Wednesday, 2 May 2012



WORDS  |   Will Runting

Hearing the loud screams of excited, drunk men a block away, in a park, reminds me of when I was a kid. Not in the drunk or excited sense but in the same tradition of playing cricket on ANZAC Day.

When we were younger, my sister, my neighbours and I used to always play backyard cricket, in the street, on ANZAC Day. I say backyard, because it was those rules. We didn’t have much room, so hitting the ball over anyone’s fence was six-and-out. One-hand-one-bounce was a viable method of getting someone out and tipsy or if-you-hit-it-you-have-to-run was also in play. It was like a tradition we forced on ourselves. One bored ANZAC Day we just decided it’d be fun to play cricket. Every year after that, we thought we’d do the same thing.

Apart from the fun we’d have, it also a very solemn day, even for us kids. At around lunchtime we’d always stop our cricket game and have a minute silence. None of us had watches and our minute of silence usually lasted about five, but I remember every year, after the minute was up, one person would say. “That’s it.” And yet we would still remain speechless. Not even looking each other in the eyes. We all felt those same feelings of remembrance and mourning. And then we’d try to resume our game, all of us feeling less energetic and joyous going into the second game.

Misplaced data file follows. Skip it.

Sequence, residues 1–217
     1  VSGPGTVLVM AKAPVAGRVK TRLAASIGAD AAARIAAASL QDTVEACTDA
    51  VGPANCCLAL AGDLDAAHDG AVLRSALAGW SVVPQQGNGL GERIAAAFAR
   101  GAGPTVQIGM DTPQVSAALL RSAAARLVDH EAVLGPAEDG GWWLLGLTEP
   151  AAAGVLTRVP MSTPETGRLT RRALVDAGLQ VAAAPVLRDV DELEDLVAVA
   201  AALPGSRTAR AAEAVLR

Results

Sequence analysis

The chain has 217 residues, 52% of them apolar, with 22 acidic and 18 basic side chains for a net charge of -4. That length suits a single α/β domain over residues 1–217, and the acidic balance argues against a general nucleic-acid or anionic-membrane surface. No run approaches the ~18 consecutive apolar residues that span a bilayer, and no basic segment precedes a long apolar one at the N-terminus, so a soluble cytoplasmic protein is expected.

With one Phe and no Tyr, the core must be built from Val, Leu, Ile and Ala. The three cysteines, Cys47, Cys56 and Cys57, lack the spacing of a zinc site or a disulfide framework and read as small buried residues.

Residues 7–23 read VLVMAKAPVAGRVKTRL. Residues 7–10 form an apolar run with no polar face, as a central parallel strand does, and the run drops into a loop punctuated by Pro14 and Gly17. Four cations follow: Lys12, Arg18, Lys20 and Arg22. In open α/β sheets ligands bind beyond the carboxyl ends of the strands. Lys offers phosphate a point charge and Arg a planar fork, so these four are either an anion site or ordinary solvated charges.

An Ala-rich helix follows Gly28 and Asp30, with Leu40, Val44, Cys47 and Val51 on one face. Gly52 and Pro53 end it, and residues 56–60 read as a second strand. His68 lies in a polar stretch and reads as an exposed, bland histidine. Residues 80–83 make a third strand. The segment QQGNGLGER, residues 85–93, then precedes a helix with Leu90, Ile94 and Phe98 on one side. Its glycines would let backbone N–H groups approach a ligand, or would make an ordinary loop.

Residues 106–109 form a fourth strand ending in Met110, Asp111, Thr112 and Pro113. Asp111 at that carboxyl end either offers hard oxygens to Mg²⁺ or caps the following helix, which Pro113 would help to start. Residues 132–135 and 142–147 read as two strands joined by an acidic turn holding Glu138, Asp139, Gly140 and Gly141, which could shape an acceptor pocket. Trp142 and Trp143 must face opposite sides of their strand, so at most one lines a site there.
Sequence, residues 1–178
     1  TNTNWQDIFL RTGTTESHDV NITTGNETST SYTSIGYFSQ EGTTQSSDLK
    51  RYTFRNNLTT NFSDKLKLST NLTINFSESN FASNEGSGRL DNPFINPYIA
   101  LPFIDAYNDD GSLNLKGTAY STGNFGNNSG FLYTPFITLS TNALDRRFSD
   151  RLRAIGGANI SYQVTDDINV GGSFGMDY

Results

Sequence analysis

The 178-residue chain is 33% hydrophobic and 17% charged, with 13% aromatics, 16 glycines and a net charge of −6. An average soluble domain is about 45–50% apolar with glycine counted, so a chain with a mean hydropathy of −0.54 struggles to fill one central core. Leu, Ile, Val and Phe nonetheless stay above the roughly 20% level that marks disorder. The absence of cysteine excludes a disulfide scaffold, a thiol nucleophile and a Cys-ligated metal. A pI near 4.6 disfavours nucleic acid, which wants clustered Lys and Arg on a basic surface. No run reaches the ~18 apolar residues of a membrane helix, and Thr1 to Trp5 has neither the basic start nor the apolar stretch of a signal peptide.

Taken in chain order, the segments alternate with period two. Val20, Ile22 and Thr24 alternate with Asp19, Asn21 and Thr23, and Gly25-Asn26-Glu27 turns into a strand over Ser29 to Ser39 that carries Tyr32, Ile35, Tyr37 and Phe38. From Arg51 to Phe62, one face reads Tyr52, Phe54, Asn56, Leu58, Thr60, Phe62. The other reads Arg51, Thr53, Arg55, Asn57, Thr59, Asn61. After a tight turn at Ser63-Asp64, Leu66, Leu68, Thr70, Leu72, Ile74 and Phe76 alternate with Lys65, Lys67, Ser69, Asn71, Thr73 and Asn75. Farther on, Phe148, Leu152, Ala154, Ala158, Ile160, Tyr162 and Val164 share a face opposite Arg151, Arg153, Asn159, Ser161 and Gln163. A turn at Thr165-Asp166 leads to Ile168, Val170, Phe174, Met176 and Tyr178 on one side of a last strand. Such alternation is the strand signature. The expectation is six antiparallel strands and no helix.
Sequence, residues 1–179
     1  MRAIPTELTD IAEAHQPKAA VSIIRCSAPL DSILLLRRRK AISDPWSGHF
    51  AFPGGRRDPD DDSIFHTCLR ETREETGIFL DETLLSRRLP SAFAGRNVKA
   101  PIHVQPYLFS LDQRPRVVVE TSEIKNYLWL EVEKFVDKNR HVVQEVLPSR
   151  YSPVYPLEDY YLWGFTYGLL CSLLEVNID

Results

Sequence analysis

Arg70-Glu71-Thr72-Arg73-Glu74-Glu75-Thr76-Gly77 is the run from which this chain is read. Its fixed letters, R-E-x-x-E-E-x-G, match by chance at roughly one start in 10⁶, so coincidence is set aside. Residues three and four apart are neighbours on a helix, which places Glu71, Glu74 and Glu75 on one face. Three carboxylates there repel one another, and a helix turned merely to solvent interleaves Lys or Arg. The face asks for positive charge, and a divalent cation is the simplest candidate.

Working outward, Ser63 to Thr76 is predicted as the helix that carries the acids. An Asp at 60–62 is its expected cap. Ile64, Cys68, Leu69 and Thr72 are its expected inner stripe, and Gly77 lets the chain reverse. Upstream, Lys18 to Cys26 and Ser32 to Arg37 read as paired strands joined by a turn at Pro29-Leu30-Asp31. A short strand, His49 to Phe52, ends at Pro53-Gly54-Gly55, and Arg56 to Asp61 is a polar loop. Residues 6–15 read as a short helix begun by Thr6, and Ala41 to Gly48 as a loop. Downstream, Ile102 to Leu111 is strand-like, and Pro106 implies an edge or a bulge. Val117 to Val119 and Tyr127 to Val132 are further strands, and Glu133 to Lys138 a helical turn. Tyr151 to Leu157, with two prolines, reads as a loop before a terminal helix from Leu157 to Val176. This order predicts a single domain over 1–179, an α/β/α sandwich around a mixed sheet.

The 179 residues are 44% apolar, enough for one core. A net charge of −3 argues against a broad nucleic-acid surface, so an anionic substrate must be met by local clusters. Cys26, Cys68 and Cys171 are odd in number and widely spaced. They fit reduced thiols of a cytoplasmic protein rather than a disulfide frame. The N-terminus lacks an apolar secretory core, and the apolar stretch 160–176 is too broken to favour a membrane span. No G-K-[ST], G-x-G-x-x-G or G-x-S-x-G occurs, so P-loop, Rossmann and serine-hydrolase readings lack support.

Surprisingly, after we grew apart and stopped playing cricket together, I can’t say I’ve felt the same on ANZAC Day. Sure, I’ve attended dawn services, and I’ve heard guest speakers talking about their relatives in the war, but for some reason, those moments as a kid sunk in more. I used to think about the actual people who would’ve been in the war. They would’ve been good friends like I was with my neighbours and had fun. But then I thought how in an instant, they could be dead. Their friend could be dead. And it was what happened. I thought about, how if we were born back then we’d be forced to join the forces. It was different each year, and I can’t quite write down the exact feelings and thoughts that went through my mind as a child but I know that I’ve never felt that connection with the Gallipoli men like I did back then. 

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